There are well-known sayings that "you can't out-train a bad diet" and "abs are born in the kitchen, not the gym". If you're serious about getting lean and stripping off fat, no matter how much exercise you do, you have to accept that you must follow a carefully controlled diet.
To lose fat, you need to be in "negative energy" or calorie deficit. Put simply, you must burn more calories than you consume. A critical factor to this, is understanding exactly how many calories your body burns. Calculating your metabolic rate is notoriously difficult and online calculators use formulae to estimate this. However, our 15 years experience of testing metabolism has proved these calculators to be inaccurate. If you want to know exactly how many calories you burn, check out the Resting Metabolic Rate test.
Finally, you must carefully control the macronutrients (fat, carbs & protein) in your diet, the timing of each meal and their relationship to your training. A gramme of protein is metabolised differently to a gramme of carbohydrate and for successful fat loss, your diet must reflect this. Your body uses carbs and fat at different exercise intensities and Trainsmart matches your diet to your exercise and training schedule, yielding fantastic results. Read more about the benefits of a VO2max metabolic test to measure your maximum fat burning heart rate.
Lifting weights encourages your body to produce testosterone, which is an anabolic (muscle-building) hormone. Muscles give your body its structure and tone and we want to reveal these muscles as we strip off fat. It's a fact of life that for most people, following a calorie-restricted diet (negative energy) leads to a reduction in both muscle mass and fat mass. The goal is to minimise the loss of muscle mass and lifting weights helps to do this.
One of the most common concerns we hear from ladies is that lifting weights will make them big and bulky. Let me assure you that unless you are lifting seriously heavy weights, following a "positive energy" diet (calorie surplus) and taking drugs (testosterone and human growth hormone), it's impossible for you to look like this. On average, women only have 10% of male testosterone levels and find it difficult to gain even modest amounts of muscle.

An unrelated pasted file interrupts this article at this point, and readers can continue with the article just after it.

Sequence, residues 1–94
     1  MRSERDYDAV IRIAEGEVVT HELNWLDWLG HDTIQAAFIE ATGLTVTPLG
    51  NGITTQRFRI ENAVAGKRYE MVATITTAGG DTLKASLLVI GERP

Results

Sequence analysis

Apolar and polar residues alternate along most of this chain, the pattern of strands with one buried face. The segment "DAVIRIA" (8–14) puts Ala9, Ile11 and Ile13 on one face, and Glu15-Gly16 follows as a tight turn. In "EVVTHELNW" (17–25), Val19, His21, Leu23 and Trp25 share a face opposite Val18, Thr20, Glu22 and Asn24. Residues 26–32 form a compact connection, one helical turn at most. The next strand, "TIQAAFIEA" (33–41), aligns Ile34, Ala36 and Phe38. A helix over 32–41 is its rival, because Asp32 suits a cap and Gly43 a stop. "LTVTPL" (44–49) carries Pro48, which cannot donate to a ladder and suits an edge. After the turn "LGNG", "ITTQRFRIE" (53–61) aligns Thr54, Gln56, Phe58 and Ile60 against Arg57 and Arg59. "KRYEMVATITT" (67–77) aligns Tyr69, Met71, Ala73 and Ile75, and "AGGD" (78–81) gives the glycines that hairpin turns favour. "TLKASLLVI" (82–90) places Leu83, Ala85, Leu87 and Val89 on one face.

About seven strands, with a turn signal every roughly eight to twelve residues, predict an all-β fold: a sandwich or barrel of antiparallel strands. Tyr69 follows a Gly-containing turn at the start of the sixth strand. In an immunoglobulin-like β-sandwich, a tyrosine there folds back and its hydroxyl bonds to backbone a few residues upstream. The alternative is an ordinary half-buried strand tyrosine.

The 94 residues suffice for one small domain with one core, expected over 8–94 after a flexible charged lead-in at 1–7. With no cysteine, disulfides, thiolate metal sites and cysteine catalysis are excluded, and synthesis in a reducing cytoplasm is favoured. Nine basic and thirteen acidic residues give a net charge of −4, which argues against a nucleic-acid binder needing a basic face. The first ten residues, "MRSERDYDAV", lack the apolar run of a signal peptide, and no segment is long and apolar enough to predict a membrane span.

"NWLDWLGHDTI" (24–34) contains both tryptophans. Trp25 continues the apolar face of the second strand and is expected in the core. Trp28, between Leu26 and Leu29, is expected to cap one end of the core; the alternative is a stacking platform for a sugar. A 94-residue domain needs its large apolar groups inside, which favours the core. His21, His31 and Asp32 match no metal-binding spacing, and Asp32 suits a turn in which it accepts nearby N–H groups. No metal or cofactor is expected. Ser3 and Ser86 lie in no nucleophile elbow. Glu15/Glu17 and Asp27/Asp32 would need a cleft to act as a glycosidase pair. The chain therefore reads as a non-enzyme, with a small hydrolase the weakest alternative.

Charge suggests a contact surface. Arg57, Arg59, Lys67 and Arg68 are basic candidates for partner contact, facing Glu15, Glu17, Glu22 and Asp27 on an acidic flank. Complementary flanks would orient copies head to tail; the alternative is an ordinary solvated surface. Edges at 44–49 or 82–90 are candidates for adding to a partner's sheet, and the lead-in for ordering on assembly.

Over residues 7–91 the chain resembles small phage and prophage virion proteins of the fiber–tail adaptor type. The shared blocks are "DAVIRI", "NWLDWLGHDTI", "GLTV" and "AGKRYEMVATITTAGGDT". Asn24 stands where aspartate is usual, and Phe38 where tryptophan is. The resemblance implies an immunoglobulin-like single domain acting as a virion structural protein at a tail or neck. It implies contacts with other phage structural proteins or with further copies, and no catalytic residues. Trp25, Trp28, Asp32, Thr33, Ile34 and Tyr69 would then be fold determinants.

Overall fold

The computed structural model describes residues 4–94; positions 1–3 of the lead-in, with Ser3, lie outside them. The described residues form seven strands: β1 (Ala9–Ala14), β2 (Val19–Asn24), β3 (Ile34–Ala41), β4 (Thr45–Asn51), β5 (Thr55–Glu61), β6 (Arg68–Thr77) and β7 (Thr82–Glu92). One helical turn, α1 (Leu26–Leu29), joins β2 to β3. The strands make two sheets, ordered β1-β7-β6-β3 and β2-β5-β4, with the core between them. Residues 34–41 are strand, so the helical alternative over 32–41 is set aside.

You will be bored, eating the same foods day in, day out. You won't be able to eat what you want, when you want and many of the so-called "healthy" foods and convenience items will be banned or strictly controlled e.g. bread, pasta, rice, potato and fruit. Accept it and get over it.
Debate rages whether it's better to do low/medium intensity, steady-state cardio or High Intensity Training (HITT). Both have their advantages, disadvantages and a time and a place in your schedule. However, successful fat loss requires you to focus on the correct amount of each type, for a certain duration each week.
First of all, it's a fact that as exercise intensity increases, your body uses different amounts of fat and carbs for fuel, using predominantly fat for low/medium intensity training. As intensity rises, your body can't generate energy quickly enough from burning fat to meet the body's increased demand and must make up the difference by burning carbs. It reaches a point where the intensity is so high that your body can only fuel this by exclusively burning carbs.
Your body is a smart machine, responding and adapting to the stimulus (training) it's given. If you've not trained your body to have a well-developed aerobic base, then the intensity where your body stops burning fat can be surprisingly low. Most people think that "no pain, no gain" is the best way to do cardio and they're shocked when they discover that they're not burning any fat during their cardio sessions. Check out the VO2max Exercise Test to accurately measure your maximum fat burning intensity.
High Intensity training has its time and place in your training schedule. However, most people over-do this. The amount of aerobic and HIT training will vary depending on your goals. If your goal is fat loss, you should do at least 80% of your volume as fasted, sub-maximal, steady-state cardio.
First of all, you have to be realistic about how long it takes to lose a visible amount of fat. There's a saying "it takes 4 weeks for you to see a difference, for weeks for the mirror to see a difference and 4 weeks for your friends to see a difference". Each 1lb of fat contains 3,500 calories. Assuming you train at your max fat burn intensity and burn 500 calories/session in the gym, you need to train 7 hours/week to lose 1lb of fat. Of course, you also lose additional fat from following your nutrition plan. However, this simple example highlights that fat loss doesn't happen overnight and you have to be committed and invest the time for it to work.
You will have to plan what you are going to eat and shop accordingly. You will need to cook your food, instead of heating up fast food in the microwave. It's highly likely you'll have to take your food to work in tupperware, unless you have access to clean, healthy food. This will be inconvenient. You have to be disciplined. You may not be able to go out eating and drinking with your friends as much as you'd like, unless you possess amazing will power and not drink or eat the wrong things.